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The house seemed dreary. When the gates opened, the yard was lit only by a light coming from inside.

It was markedly different from the night of March 8, 2008, and the day after.

At the time, the two-storey building in Bukit Segambut was filled with people.

Most of them were happy, while the rest were still in disbelief that Selangor, Kedah, Penang and Perak would fall into the hands of Pakatan Rakyat.

In Kelantan, meanwhile, PAS retained its control of the state.

But yesterday, the house was dreary, and that bleakness was felt when Nurul Hana Anwar recounted how she compiled the book 'My Dear Papa'.

“It is very personal,” Nurul Hana said.

The book is a compilation of notes, photos, and collages that portray Anwar Ibrahim as being more than a politician.

'I still feel papa’s absence'

Anwar is already a household name in this country. When the police took him from his home - then in Bukit Damansara - to Bukit Aman, Nurul Hana was only six years old.

“I didn’t understand anything but I knew something serious was going on,” she told Malaysiakini .

Because of the incident 17 years ago, Nurul Hana admitted, she had been traumatised. The feelings were indescribable.

Now, in 2015, her father was locked in prison again, as though the 1998 history was repeating itself.

“I still feel papa’s absence,” she said.

Asked about the process of producing the book - which started out as a college project - she said she felt touched when sees images and words from Anwar and what is written about the former deputy prime minister.

“It was not to the extent of dropping tears, but I was touched,” she said.

Asked if there are any feelings of grudge, Nurul Hana said what is documented is sorrow.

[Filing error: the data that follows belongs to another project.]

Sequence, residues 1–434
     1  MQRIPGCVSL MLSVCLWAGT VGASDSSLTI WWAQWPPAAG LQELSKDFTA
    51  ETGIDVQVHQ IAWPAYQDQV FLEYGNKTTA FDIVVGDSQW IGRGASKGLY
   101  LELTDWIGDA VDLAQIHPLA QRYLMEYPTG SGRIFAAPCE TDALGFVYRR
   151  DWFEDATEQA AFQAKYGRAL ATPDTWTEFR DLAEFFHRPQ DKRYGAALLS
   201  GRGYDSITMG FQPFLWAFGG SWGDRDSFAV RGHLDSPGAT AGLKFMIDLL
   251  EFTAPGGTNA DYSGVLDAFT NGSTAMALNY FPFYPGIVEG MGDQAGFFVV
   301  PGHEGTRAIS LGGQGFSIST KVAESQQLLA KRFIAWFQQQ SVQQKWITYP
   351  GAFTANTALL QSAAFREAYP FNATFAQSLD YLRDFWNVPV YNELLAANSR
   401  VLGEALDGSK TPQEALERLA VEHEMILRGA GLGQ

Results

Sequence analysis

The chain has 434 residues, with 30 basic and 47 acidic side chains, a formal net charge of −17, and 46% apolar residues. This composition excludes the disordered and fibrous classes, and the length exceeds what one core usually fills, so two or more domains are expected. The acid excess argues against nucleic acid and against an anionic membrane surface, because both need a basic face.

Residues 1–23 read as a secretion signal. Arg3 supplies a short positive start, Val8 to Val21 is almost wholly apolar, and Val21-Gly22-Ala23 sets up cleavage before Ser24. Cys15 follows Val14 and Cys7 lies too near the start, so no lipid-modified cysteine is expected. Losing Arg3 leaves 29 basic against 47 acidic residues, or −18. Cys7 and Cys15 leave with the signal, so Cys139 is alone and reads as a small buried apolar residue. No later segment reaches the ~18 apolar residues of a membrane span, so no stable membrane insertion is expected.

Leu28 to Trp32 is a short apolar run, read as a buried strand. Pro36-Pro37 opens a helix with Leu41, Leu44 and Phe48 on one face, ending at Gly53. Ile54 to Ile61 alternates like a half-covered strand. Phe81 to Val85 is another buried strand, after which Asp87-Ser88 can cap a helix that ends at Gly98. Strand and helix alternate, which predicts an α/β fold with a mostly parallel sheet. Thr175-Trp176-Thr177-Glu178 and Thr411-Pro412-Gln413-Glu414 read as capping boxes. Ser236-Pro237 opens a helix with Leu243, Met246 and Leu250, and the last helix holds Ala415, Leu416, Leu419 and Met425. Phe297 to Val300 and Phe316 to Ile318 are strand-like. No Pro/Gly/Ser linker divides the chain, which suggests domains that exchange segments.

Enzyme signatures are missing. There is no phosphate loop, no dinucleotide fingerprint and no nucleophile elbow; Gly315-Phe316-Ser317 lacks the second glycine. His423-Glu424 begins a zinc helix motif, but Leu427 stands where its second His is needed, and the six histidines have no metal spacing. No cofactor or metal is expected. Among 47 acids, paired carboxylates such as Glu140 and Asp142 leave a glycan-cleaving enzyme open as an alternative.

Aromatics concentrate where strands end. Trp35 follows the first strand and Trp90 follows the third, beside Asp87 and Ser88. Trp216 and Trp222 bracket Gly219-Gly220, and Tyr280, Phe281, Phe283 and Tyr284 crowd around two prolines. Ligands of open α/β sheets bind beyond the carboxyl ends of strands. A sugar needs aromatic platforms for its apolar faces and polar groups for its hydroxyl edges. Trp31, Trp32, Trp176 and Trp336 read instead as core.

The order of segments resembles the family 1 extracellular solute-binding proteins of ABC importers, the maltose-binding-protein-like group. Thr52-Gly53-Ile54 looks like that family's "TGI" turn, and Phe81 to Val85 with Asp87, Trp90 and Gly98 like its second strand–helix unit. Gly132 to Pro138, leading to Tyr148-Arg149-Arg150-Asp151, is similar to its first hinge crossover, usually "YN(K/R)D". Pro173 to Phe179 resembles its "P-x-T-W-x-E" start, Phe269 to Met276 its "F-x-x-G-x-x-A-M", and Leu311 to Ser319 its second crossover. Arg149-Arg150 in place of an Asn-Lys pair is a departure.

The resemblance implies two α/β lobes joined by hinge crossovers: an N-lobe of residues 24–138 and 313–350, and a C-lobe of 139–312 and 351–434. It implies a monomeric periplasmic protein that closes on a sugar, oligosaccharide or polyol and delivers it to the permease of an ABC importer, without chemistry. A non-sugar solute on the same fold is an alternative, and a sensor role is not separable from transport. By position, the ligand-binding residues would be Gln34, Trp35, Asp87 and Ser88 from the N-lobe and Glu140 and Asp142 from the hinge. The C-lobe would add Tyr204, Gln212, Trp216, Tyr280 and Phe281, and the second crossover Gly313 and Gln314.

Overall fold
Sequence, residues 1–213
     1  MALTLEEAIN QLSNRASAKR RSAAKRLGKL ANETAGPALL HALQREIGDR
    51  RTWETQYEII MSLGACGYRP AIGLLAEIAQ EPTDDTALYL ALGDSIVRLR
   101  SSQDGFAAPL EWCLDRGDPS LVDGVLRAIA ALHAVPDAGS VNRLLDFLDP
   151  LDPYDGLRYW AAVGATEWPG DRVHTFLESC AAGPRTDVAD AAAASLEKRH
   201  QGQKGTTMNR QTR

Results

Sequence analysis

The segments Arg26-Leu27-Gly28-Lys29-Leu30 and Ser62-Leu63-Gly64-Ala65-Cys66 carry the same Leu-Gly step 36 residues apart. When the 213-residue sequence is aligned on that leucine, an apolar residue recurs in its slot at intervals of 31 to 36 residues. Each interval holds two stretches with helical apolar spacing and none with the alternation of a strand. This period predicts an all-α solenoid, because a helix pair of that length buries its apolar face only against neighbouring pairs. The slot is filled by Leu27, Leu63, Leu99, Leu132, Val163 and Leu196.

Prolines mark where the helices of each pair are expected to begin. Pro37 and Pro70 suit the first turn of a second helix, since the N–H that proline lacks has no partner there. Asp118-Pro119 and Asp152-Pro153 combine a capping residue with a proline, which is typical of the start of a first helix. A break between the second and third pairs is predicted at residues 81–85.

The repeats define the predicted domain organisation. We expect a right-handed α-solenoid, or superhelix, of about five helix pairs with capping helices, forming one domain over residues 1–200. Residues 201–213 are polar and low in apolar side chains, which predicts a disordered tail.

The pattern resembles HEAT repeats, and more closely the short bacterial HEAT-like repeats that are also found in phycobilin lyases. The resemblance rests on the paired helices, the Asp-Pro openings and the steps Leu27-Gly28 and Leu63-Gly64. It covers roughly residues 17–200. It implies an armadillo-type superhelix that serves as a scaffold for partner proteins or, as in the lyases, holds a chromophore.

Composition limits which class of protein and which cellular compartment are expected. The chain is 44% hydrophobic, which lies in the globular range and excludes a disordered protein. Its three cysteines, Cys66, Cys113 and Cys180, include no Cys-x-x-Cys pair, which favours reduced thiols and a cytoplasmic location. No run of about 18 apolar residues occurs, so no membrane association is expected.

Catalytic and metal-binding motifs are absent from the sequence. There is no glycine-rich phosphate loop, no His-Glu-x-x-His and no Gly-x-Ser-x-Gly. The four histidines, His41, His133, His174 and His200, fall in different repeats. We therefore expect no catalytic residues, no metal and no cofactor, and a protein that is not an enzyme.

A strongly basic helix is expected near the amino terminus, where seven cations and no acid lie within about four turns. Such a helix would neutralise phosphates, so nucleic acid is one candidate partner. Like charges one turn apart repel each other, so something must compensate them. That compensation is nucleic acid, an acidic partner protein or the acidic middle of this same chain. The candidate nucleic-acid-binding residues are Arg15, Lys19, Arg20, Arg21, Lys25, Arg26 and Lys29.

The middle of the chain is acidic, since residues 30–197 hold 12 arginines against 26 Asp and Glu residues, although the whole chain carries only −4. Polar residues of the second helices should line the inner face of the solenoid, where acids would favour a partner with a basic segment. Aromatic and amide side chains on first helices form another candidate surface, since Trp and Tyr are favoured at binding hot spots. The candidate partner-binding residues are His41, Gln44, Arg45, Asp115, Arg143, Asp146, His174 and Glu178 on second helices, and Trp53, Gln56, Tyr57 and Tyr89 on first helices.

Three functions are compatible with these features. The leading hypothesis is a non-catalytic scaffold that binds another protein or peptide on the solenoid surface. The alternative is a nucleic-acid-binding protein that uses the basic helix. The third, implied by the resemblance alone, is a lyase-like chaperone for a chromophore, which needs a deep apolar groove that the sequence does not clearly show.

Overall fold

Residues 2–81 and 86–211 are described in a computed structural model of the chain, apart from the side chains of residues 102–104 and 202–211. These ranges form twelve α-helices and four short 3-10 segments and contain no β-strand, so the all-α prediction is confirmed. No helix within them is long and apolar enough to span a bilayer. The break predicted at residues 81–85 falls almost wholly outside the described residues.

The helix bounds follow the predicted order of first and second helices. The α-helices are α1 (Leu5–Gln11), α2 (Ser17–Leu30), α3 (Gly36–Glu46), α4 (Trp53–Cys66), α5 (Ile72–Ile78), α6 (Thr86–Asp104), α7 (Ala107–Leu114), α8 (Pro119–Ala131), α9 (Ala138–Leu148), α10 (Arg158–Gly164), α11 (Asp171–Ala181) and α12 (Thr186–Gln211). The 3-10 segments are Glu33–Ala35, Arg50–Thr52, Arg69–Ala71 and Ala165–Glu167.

“Grudges, no. Mama said everything is Allah’s will. There is a blessing behind it.

“Allah will not impose a test that we cannot bear,” she said.

Not interested in joining politics

Nurul Hana hopes the book can help people understand that Anwar’s struggles still continued even though the former opposition leader is now behind bars.

She also hopes the book 'My Dear Papa' would offer some insight into another side of Anwar.

In the collage, Nurul Hana has also decorated it with some notes and some of her own poetry.

Asked if she is interested in joining politics, Nurul Hana promptly answered, “No.”

Perhaps Malaysia has nothing to lose if she joins politics, as her mother Dr Wan Azizah Wan Ismail and sister Nurul Izzah have done.

Nevertheless, the book seems to suggest that it would be a loss if Nurul Hana diverts attention away from her interest in the arts.

'My Dear Papa' is published by Gerakbudaya Enterprise and will be launched by national laureate A Samad Said at the Civic Centre in Petaling Jaya New Town tonight.

In conjunction with the launch, the book will also be sold at a discounted price today.

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